Article and photo by Julie Lake

A drop cloth covers the floor; old paint palettes, tubes of oil paints, and a drum set decorate the studio space where Matt Lewis creates his psychological, one-of-a-kind, abstract paintings.

Lewis's oil paintings start with one color and a little music.  Sometimes he has a color in mind when he begins to paint, and this color, in turn, will determine the music he plays for inspiration. Other times, he just turns on the music and that alone will determine the starting color.  When he begins painting, he often draws a color wheel with only letters representing colors. "Everyone has a different interpretation of color," says Lewis about why he does this.  Lewis doesn't want the representation of the color, by the color itself, to clutter his mind as he is painting; instead, by using only letters, his mind stays clear to create each color by feeling it instead of seeing it.  He is very aware of the psychological effect of color, a quality that is built into the color and so isn't something that needs to be thought about consciously.

Lewis doesn't have any particular theme in mind when he begins to paint.  "My paintings kind of decide what they want to be, or need to be, on their own," he says about his abstract oil paintings.  He spends a serious amount of time looking at the painting and getting into his subconscious mind and allowing whatever is there to come out in the painting.  Lewis doesn't like to tell viewers anything about what they are looking at when they see his work. Instead, he likens the experience to gazing at the clouds in the sky; each person sees or feels something different while looking at the same work. Despite his unwillingness to plan what a painting will "portray," a common denominator is a scoop-like curved shape; sometimes this shape is part of the abstract image, and sometimes it becomes a dividing element that separates the painting into two distinct areas.

Lewis uses oil paints that have a slow drying time because he likes the open working time that oil paint offers. "I like to have the paint on the palette for 8 hours.  I can go to lunch and come back and still use the paint I left out." Painting wet on wet also allows him to create great textural effects in his paintings, and this "texture is part of the painting's own language." His technique of making colors lie one on top of another requires that the paint be thick, so he cannot achieve this effect with thinner, fast-drying acrylic paints.

Typically, Lewis spends about 30-40 hours on one painting. Why so long? "If I spend 7 hours in the studio, only 2 ½ hours are actually spent painting," he says. "The rest of the time I spend staring at the painting in an attempt to feel what it's trying to say."  He often turns a painting on the easel to change the perspective and to check for balance. This repositioning may also change the color relationships and ultimately affect the orientation of the final painting.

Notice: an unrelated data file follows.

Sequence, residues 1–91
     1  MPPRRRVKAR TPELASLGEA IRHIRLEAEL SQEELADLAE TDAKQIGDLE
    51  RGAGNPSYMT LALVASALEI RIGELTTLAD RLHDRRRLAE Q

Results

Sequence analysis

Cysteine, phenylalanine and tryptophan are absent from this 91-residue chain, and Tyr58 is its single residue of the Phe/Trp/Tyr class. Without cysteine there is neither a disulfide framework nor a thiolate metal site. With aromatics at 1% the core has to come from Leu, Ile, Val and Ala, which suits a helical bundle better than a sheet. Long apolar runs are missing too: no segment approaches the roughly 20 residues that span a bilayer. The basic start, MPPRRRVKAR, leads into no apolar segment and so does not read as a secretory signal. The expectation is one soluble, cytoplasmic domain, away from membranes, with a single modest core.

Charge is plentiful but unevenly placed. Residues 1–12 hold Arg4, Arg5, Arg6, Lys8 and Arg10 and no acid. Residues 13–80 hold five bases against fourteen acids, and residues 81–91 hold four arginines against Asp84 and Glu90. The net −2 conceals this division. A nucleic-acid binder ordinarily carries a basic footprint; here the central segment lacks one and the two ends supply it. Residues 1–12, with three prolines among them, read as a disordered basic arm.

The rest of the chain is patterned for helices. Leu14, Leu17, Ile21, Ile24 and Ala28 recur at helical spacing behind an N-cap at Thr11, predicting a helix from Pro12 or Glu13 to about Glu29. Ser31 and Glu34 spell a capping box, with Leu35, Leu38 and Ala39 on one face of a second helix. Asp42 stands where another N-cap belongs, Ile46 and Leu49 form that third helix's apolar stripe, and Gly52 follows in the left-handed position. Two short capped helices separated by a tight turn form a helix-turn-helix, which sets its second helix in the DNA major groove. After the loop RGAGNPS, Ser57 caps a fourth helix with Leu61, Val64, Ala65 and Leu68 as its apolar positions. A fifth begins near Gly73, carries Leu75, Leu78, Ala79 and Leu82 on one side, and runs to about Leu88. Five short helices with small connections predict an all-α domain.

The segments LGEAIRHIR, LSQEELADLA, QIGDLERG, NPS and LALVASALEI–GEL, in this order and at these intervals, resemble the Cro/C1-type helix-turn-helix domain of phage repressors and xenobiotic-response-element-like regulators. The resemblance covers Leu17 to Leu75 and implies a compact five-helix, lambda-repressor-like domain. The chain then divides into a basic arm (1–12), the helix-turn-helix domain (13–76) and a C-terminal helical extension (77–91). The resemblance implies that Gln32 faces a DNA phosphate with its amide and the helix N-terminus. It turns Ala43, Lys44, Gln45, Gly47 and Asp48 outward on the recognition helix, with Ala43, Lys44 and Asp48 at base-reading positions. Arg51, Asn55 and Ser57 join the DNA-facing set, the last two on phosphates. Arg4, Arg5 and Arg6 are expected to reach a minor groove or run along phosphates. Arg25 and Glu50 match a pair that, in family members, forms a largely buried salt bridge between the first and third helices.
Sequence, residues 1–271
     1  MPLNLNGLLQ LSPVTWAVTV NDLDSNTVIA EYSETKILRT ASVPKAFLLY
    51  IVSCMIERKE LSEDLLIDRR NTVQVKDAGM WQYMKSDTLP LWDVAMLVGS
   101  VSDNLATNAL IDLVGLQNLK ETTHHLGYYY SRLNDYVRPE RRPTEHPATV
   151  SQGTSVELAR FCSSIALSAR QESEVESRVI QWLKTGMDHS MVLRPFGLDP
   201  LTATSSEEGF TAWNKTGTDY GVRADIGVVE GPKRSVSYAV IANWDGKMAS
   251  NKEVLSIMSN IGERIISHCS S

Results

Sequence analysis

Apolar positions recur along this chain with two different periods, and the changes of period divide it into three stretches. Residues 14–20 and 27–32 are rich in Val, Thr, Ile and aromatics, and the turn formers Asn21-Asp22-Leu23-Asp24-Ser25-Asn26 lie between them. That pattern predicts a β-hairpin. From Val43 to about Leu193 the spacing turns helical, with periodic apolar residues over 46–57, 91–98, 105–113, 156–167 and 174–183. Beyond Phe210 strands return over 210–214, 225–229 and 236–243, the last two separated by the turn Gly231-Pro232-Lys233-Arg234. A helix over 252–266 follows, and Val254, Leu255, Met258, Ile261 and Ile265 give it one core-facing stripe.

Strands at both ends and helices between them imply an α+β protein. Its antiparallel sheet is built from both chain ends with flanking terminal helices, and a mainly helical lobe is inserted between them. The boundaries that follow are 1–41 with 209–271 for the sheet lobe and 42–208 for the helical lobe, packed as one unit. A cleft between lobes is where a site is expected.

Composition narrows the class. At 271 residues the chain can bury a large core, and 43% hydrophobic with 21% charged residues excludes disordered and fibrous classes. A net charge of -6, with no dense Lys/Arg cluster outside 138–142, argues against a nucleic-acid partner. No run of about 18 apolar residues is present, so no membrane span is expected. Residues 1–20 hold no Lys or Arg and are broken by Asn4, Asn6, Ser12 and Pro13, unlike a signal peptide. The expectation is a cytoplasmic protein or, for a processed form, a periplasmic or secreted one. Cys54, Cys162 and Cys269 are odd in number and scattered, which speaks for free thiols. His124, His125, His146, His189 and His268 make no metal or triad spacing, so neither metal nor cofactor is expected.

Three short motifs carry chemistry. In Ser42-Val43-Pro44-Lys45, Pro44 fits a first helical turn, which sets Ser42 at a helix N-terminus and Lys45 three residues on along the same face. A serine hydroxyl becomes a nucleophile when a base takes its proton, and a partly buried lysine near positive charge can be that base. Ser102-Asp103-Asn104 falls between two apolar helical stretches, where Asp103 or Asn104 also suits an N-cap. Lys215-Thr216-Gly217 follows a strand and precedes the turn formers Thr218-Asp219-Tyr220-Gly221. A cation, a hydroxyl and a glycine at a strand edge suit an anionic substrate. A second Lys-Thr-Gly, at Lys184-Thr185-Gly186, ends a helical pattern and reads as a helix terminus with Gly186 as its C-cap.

Like many people who become artists, Lewis has been interested in art since he was a child.  Drawing, painting, and other types of art making were daily activities for him. Yet, until he got older, he didn't realize that adults made art too, and it wasn’t until he was a junior in high school that this idea became tangible to him when during an art class one day, representatives from different art colleges spoke to the class about careers in art. Then Lewis realized that making art could become a career for him. 

He began applying to different art colleges and was offered a scholarship to the Cleveland Institute of Art (CIA), but he preferred the studio spaces at The College for Creative Studies (CCS) in Detroit, MI.  His problem was CCS didn't offer him as much money to pay for classes as did CIA, but this did not deter Lewis.  Every morning he made a phone call to the financial aid department at CCS.  They were reluctant to give him more money, but after being persistent and explaining that he needed more money in order to attend CCS, he was offered $500.  Lewis repeated his phone calls and his explanations and each time was offered $500.  He didn't quit calling CCS and asking for more money until he reached the same amount that CIA was offering him.  He attended CCS and earned a Bachelor of Fine Arts degree in painting and drawing.  He then enrolled at Saginaw Valley State University in the Accelerated Teacher Education program and became certified to teach.  After student teaching for one year, Lewis accepted his first position in Pontiac, MI, teaching art to grades K-12.  He currently teaches art in Frankenmuth, MI.

© Julie Lake, 2009